Monday, February 25, 2013



How can we make our characters seem like real people and not cardboard stereotypes?

Here's a fun activity that I've used in writing classes.

Pick a character and give him or her a label. For example, cheerleader.

Brainstorm the characteristics that you would expect a cheerleader to have: popular, good figure, pretty, athletic. Then add one surprising thing to your list - shy. We don't usually think of a cheerleader as shy. We now have the beginnings of an individual.

A mountain climber is strong, athletic, disciplined, loves the outdoors. Could he also be afraid of heights?

What about the soccer team captain who likes to knit? The bouncer at the bar who owns a poodle? The teacher who steals from kids' lunches? The detective who is a hoarder?

You don't have to stop there. Often the "one surprising thing" raises questions that can liven up your plot. What motivates a person who is afraid of heights to climb mountains? Is he living up to a dare? Trying to overcome a bad experience from his past? Proving a point? Or is there something on that mountain that he needs?

A word of caution - if you give your character too many "surprising things", he will seem just plain weird. One or two works great.

Some advice from Nigel Watts in Write a Novel and Get It Published. . .
Human beings are never as predictable as we think they are.


Almost Eden by Anita Horricks

This is the story of a twelve year old Mennonite girl, Elsie, who is struggling with her mother's mental illness. The back cover describes the book as a "beautiful portrait of a town, a family and a young woman with wicked wit and clarity who is willing to challenge what doesn't make sense and to fix what doesn't seem right." This book stayed with me long after I read it.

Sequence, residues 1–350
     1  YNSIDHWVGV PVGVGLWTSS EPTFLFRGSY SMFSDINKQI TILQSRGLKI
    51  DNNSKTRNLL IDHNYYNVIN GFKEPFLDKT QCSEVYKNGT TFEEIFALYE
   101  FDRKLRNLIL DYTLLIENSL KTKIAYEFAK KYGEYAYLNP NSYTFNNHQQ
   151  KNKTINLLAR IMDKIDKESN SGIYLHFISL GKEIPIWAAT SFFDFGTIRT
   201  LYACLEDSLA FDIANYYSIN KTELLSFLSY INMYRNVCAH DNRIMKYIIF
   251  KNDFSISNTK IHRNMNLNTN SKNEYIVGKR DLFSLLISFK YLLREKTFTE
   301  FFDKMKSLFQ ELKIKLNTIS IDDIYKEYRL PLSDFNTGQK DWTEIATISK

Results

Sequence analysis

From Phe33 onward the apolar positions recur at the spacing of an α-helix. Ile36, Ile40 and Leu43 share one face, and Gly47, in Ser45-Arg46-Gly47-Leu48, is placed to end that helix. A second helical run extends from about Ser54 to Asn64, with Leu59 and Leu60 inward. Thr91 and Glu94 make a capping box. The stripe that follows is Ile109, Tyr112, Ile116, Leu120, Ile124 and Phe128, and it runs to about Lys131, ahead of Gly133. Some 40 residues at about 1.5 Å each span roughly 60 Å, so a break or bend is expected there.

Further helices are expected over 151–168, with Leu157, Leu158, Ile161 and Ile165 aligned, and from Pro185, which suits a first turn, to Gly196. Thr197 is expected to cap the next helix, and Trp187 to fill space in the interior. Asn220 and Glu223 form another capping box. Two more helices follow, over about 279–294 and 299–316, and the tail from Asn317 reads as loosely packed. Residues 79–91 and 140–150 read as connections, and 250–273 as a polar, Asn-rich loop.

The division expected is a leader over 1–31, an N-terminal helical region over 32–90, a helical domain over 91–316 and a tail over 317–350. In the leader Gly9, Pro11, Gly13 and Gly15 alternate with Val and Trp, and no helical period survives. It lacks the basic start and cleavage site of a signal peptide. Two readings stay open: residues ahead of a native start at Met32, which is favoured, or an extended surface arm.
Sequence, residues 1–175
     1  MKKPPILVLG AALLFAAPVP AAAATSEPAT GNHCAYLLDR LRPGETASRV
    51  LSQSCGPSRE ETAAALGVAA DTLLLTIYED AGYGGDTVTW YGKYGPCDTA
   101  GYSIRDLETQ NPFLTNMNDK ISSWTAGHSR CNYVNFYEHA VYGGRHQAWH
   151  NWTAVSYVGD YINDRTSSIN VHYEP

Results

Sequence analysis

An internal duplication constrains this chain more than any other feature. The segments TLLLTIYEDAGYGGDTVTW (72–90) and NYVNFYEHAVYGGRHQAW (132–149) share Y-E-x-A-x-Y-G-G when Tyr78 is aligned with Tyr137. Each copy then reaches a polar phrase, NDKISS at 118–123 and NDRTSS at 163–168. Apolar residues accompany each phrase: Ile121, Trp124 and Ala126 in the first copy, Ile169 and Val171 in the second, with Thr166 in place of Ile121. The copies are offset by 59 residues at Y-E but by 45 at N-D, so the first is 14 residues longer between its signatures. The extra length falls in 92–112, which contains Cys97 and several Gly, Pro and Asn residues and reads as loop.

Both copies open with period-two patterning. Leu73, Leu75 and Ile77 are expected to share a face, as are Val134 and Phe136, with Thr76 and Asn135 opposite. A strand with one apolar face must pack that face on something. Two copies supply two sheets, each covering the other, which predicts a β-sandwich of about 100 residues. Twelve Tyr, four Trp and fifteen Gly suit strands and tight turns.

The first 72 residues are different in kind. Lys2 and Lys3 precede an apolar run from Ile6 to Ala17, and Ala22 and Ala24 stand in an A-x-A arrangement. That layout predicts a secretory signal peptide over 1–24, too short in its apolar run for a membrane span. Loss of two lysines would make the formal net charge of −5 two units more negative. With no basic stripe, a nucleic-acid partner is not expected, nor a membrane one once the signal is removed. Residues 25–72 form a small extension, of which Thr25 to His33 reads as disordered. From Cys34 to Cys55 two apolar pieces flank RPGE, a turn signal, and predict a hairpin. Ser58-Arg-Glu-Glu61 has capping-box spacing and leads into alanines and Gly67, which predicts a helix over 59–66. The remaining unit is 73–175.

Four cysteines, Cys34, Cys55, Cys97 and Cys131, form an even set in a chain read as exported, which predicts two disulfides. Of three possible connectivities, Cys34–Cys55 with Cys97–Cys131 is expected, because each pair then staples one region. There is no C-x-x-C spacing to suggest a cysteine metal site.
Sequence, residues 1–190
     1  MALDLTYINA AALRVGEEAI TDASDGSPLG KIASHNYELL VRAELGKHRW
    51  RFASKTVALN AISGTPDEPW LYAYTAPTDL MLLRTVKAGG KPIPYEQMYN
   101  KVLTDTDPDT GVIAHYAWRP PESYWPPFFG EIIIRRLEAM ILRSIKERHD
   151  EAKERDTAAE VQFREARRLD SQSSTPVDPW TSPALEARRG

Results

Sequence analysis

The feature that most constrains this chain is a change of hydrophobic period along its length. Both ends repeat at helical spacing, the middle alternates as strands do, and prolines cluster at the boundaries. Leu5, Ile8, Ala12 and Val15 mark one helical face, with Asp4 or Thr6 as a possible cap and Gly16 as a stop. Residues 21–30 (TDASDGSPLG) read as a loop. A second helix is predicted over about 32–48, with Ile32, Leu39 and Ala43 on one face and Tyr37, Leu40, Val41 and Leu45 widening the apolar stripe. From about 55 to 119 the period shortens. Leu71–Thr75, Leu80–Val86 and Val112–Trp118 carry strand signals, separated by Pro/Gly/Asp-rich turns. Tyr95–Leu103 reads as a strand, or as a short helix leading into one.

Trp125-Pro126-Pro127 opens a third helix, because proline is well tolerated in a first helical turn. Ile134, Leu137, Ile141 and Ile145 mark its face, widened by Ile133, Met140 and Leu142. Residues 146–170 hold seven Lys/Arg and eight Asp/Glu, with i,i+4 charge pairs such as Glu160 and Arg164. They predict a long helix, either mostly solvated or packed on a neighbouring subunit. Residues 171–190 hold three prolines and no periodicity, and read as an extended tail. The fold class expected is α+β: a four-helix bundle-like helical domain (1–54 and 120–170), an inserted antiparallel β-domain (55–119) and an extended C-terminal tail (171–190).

What if . . .  you got a part time job at a dog  shelter? What dog would you fall in love with? How did he end up in a shelter? How will you persuade your parents to let you take him home?

 Next week:    Be Specific



Monday, February 18, 2013


What was my writing life like before recipe cards?


I had notes everywhere - on scraps of paper, in notebooks, on serviettes, on the backs of cheques . . .

Then I bought my first pack of recipe cards  and I never looked back!

I use the small size, blank or lined. Sometimes I treat myself to different colours. When I'm planning a book or I'm in the middle of a draft, every time I get an idea for a scene (or part of a scene), I write it on a recipe card.

The rule is: only one scene or event per card. The stack builds up which is very satisfying. And there are so many ways you can use them.